So it was repaired, and I continued to use the Impreza as my everyday car. I fitted Powerflex suspension bushes, changed the rotten radiator and made repeated attempts to quell the cam cover oil leaks. It had replacement cambelts and multiple oil changes over the following years.
The exciting stuff came when I started investigating those early Prodrive specifications for the all-wheel drive machine. I contacted Bilstein to ask if they knew anything about the Prodrive-developed struts. The answer was no, followed by a call a few days later saying a crate of Prodrive-spec Impreza struts had been found in the warehouse, having been there for years unidentified. I had to have a set.
An Impreza forum member had already commissioned a batch of Prodrive-spec springs from Eibach, so I bought those too. The conversion genuinely transformed the car, making it much more stable and responsive but without making the ride any firmer. Amazing.
The finishing touch was tracking down a set of original Prodrive-fitment Speedline Safari wheels and a thicker rear anti-roll bar. Now it was a proper Prodrive car to me, just like the cars in the eBay-find Prodrive brochures.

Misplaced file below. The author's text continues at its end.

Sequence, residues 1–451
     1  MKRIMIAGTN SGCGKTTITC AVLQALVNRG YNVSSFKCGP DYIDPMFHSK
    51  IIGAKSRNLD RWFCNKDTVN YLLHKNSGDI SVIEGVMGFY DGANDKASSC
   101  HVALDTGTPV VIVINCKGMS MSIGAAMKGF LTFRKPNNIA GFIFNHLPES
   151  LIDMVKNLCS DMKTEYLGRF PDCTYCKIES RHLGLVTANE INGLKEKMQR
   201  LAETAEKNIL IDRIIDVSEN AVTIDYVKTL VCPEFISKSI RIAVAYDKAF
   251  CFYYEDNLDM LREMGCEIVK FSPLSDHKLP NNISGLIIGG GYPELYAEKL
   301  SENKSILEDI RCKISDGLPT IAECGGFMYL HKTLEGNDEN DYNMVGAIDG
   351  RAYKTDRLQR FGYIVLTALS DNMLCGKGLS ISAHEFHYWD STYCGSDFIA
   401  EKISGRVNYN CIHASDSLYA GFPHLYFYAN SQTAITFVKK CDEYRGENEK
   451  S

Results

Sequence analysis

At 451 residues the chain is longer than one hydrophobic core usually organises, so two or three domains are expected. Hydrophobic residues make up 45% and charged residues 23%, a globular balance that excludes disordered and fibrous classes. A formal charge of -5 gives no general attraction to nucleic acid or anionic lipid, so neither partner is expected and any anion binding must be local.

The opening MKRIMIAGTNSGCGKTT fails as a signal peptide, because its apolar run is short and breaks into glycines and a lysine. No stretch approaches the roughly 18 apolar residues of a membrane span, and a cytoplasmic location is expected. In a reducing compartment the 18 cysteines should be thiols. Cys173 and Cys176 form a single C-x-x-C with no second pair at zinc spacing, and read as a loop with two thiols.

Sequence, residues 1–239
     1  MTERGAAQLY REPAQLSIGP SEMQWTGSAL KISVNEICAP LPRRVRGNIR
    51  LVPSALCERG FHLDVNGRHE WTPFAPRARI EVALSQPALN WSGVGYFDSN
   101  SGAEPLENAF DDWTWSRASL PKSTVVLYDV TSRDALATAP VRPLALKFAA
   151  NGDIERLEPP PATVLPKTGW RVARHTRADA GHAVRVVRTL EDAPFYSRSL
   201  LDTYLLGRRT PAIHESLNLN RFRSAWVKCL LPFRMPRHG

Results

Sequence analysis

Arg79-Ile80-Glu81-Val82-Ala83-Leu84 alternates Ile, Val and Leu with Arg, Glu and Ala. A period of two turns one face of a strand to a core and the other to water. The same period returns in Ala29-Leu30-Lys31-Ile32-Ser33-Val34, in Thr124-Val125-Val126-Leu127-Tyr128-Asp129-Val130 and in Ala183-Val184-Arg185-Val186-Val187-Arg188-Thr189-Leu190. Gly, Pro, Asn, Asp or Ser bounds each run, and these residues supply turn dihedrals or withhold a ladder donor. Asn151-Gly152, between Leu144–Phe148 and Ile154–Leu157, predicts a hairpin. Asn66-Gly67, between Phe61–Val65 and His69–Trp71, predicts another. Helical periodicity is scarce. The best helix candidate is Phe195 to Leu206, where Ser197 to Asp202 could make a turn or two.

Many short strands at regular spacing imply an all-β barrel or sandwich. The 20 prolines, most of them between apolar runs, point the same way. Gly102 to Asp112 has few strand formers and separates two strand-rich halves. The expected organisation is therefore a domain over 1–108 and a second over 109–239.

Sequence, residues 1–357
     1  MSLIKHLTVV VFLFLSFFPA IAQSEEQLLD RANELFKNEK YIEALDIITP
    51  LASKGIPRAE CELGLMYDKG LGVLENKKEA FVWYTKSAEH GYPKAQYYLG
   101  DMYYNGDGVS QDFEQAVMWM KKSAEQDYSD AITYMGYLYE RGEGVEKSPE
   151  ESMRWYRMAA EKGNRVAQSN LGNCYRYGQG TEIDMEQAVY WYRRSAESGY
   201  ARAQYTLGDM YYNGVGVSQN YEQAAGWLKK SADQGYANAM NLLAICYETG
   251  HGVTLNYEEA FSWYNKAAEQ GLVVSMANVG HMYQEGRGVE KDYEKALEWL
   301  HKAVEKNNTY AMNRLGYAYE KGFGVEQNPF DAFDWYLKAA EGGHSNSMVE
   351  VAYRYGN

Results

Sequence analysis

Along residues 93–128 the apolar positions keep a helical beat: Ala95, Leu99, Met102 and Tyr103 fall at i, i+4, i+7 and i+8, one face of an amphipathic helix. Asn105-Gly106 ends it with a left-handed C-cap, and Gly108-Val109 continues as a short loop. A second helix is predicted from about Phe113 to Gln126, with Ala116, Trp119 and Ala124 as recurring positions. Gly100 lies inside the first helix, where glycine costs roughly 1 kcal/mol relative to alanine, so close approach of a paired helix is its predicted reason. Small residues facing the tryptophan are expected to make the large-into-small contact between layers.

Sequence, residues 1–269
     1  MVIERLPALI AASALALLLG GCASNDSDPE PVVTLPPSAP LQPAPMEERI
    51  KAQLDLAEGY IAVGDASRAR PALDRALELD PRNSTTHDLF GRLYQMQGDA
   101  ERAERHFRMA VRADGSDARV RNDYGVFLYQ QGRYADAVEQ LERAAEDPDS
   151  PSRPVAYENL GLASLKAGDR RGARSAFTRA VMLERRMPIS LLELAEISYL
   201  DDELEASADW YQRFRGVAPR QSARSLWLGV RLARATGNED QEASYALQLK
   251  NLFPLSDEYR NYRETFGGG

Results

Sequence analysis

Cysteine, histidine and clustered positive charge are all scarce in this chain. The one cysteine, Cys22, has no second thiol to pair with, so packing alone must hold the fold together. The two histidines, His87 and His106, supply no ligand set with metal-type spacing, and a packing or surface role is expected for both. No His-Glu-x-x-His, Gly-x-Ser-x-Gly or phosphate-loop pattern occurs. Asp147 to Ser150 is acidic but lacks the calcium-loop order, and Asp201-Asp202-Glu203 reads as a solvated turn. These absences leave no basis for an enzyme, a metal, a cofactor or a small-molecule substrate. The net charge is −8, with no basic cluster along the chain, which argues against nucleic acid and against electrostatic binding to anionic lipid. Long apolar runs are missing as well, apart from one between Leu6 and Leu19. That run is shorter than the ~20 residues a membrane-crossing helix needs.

Last year though, I realised how badly the years were treating my beloved Impreza. The rear wheelarches were rotten and I dreaded looking under the plastic sill covers. The final straw was an MoT advisory of a small hole in a chassis leg. It was time to make a decision: sell or invest.
To my shame, I tried selling, but a rusty Impreza is worth nothing except in parts, which wasn’t an option to me. Instead, I shipped it to a mate’s restoration workshop, Skunkwerks, and there it’s been ever since. You’ll have to wait for the next instalment to hear about the horrors uncovered.
4 May, 2021: Body beautiful
I left you last time having set the scene of my love for this early Impreza wagon – and how I then tried to sell it, failed, and guilted myself into delivering it to a friend for ‘a refresh’. Oh, how I laugh when I look back…
It all started on a trip to Le Mans in 2019, sharing the drive with Sam Anker, a former JLR engineer who’d just set up a restoration business, Skunkwerks, in Lancashire. We got chatting about the Subaru, which even back then was showing the results of four years and 80,000 miles of my everyday use in all weathers. I rashly promised that if I decided to keep it, then I’d be happy for Sam to get it back to a more presentable condition.
Eight months later, having offered it for sale at £2000 and receiving no interest at all, I agreed to hand it over to Sam. I knew that it would need the leaking cam covers re-sealing, a driveshaft replacing, a thicker rear anti-roll bar fitting, the inoperative electric sunroof looking at, and an investigation into how much rust was hiding behind the bubbling rear wheelarches and under the plastic sill covers.